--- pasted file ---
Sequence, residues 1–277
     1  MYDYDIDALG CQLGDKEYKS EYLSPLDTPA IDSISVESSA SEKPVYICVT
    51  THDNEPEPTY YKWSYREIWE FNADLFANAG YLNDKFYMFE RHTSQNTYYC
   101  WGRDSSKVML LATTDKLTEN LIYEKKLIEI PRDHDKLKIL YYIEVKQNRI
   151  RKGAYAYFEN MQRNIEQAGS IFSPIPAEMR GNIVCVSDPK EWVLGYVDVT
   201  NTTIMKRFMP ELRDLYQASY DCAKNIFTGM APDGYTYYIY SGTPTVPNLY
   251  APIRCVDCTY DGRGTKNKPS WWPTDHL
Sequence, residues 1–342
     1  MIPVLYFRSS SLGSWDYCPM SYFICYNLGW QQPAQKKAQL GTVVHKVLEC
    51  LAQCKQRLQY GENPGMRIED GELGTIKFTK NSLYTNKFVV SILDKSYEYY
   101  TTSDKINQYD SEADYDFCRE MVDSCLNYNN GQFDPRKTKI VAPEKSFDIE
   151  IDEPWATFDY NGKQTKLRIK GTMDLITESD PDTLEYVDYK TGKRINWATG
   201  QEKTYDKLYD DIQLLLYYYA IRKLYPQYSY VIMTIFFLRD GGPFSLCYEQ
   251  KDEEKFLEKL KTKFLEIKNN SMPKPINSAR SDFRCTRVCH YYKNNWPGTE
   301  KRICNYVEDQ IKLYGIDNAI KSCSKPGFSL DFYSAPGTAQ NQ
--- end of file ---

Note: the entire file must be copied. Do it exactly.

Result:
Sequence, residues 1–277
     1  MYDYDIDALG CQLGDKEYKS EYLSPLDTPA IDSISVESSA SEKPVYICVT
    51  THDNEPEPTY YKWSYREIWE FNADLFANAG YLNDKFYMFE RHTSQNTYYC
   101  WGRDSSKVML LATTDKLTEN LIYEKKLIEI PRDHDKLKIL YYIEVKQNRI
   151  RKGAYAYFEN MQRNIEQAGS IFSPIPAEMR GNIVCVSDPK EWVLGYVDVT
   201  NTTIMKRFMP ELRDLYQASY DCAKNIFTGM APDGYTYYIY SGTPTVPNLY
   251  APIRCVDCTY DGRGTKNKPS WWPTDHL
Sequence, residues 1–342
     1  MIPVLYFRSS SLGSWDYCPM SYFICYNLGW QQPAQKKAQL GTVVHKVLEC
    51  LAQCKQRLQY GENPGMRIED GELGTIKFTK NSLYTNKFVV SILDKSYEYY
   101  TTSDKINQYD SEADYDFCRE MVDSCLNYNN GQFDPRKTKI VAPEKSFDIE
   151  IDEPWATFDY NGKQTKLRIK GTMDLITESD PDTLEYVDYK TGKRINWATG
   201  QEKTYDKLYD DIQLLLYYYA IRKLYPQYSY VIMTIFFLRD GGPFSLCYEQ
   251  KDEEKFLEKL KTKFLEIKNN SMPKPINSAR SDFRCTRVCH YYKNNWPGTE
   301  KRICNYVEDQ IKLYGIDNAI KSCSKPGFSL DFYSAPGTAQ NQ